Dead Teens Flying Body Parts Injure Woman&Court Rules She Can Sue Grieving Family #parents #teens #prolife
This is one of the most odd stories I've heard in awhile, but it is also one of the most outrageous lawsuits I have ever heard of. How can anyone find it a legal right to sue the grieving family for the injuries caused by 'flying body parts' which injured a bystander,breaking her leg&wrist&injuring her shoulder?? It's not like these were life altering injuries and most likely she is fully recovered by now. I can't believe the Illinois appeals court would overturn the original decision to dismiss the lawsuit. The appeals court overturned it based on the argument that the accident was foreseeable&was negligence on the part of the teen killed while running to catch the train??!!
The Chicago Tribune reports the following:
An appeals court in Illinois....[rules] in what it called a "tragically bizarre" case, an appeals court found that the estate of a man killed by a train while crossing the Edgebrook Metra station tracks can be held liable after a part of his body sent airborne by the collision struck and injured a bystander. In 2008, Hiroyuki Joho, 18, was hurrying in pouring rain with an umbrella over his head, trying to catch an inbound Metra train due to arrive in about five minutes when he was struck by a southbound Amtrak train traveling more than 70 mph.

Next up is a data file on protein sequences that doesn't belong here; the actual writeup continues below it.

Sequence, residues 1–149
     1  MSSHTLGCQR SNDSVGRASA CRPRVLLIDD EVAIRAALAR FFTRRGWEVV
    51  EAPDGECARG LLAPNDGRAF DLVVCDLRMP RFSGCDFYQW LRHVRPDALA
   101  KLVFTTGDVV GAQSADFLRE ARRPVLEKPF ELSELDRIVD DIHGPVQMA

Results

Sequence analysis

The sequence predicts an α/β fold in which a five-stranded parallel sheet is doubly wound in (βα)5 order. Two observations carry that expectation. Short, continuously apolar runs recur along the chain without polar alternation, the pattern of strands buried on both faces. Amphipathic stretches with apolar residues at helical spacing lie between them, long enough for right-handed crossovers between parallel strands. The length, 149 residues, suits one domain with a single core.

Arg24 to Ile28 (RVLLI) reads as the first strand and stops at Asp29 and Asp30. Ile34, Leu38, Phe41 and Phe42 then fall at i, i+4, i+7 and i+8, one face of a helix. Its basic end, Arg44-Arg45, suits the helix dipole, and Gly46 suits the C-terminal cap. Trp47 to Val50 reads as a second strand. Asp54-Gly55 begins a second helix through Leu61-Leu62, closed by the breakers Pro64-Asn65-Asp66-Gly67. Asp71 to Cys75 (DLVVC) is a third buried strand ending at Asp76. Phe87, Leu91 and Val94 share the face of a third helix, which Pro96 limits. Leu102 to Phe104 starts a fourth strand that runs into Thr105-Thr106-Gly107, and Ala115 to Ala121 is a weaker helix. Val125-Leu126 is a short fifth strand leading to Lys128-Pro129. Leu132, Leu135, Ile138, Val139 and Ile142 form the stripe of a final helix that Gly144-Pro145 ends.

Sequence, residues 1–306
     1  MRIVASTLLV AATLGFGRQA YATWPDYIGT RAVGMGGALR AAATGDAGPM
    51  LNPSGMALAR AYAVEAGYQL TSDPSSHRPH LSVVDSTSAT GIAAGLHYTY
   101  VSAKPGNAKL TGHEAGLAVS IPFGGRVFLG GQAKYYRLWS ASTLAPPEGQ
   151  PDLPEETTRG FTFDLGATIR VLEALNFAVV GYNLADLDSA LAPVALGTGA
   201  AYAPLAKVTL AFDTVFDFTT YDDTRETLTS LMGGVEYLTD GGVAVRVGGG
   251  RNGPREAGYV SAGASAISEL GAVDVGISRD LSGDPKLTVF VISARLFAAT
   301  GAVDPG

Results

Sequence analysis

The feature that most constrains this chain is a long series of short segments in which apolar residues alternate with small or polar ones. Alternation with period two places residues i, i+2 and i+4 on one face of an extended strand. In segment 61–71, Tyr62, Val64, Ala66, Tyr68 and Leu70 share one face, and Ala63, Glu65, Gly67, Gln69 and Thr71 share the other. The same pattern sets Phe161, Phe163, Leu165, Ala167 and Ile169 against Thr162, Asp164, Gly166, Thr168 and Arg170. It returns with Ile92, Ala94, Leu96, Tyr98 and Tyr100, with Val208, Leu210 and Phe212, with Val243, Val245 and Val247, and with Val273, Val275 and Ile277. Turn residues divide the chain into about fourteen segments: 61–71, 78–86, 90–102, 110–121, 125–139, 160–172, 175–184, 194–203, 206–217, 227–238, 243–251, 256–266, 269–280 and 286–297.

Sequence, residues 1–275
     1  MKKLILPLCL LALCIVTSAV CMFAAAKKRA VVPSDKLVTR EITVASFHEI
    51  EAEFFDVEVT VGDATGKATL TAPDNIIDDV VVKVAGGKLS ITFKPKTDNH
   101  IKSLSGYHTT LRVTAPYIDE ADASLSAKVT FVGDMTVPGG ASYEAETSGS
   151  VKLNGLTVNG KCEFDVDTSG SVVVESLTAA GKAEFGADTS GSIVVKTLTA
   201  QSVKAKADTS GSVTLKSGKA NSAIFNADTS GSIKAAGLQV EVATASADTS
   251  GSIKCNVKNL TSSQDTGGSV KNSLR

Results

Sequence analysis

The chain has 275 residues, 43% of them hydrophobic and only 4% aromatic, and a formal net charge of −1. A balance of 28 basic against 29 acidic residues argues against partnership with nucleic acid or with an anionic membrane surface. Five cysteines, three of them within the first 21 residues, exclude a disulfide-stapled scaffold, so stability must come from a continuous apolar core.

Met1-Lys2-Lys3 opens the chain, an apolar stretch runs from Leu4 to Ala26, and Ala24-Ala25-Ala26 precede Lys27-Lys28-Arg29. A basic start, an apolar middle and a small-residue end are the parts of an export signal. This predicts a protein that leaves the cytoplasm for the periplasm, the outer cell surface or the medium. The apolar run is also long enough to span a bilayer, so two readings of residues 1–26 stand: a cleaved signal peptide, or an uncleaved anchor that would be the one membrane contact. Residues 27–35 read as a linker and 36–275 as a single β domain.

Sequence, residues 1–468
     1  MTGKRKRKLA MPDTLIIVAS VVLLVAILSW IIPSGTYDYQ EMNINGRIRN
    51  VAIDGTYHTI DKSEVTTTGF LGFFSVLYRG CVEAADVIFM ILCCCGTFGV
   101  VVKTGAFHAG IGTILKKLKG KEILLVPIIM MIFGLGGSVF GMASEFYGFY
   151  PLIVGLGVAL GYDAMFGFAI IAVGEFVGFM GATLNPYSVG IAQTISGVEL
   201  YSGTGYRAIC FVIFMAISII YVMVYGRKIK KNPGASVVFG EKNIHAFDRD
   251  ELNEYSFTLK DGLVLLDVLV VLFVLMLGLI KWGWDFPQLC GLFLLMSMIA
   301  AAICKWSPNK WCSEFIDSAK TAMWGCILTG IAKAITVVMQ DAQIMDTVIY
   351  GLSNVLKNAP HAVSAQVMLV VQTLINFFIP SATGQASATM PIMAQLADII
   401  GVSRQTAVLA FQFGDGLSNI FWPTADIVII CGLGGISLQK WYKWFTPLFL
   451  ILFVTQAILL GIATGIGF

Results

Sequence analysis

A large portion of his body was thrown about 100 feet on to the southbound platform, where it struck Gayane Zokhrabov, then 58, who was waiting to catch the 8:17 a.m. train to work. She was knocked to the ground, her leg and wrist broken and her shoulder injured. A Cook County judge dismissed Zokhrabov's lawsuit against Joho's estate, finding that Joho could not have anticipated Zokhrabov's injuries.
A state appeals court, after noting that the case law involving "flying bodies" is sparse, has disagreed, ruling that "it was reasonably foreseeable" that the high-speed train would kill Joho and fling his body down the tracks toward a platform where people were waiting. Leslie Rosen, who handled Zokhrabov's appeal, said that while the circumstances of the case were "very peculiar and gory and creepy," it ultimately was a straightforward negligence case, no different than if a train passenger had been injured after the engineer hit the brakes. "If you do something as stupid as this guy did, you have to be responsible for what comes from it," she said.
As The Stirs blog, Lindsey Mannering, says so bluntly...You think you've heard it all until I tell you that an appeals court in Illinois recently ruled that a woman is allowed to sue a dead teen's estate for injuries caused by his flying body parts. The 18-year-old boy was running across the Amtrak tracks to catch another train but didn't make it -- he was hit by an oncoming train going 70 mph and his body was torn apart by the force and flung onto a nearby passengers' waiting platform. The woman, 58, was struck by a sizable chunk of the boy's body and was knocked to the ground, breaking her leg and wrist. The court ruled that the boy's death was "reasonably foreseeable" and that his estate can be held responsible for his negligence.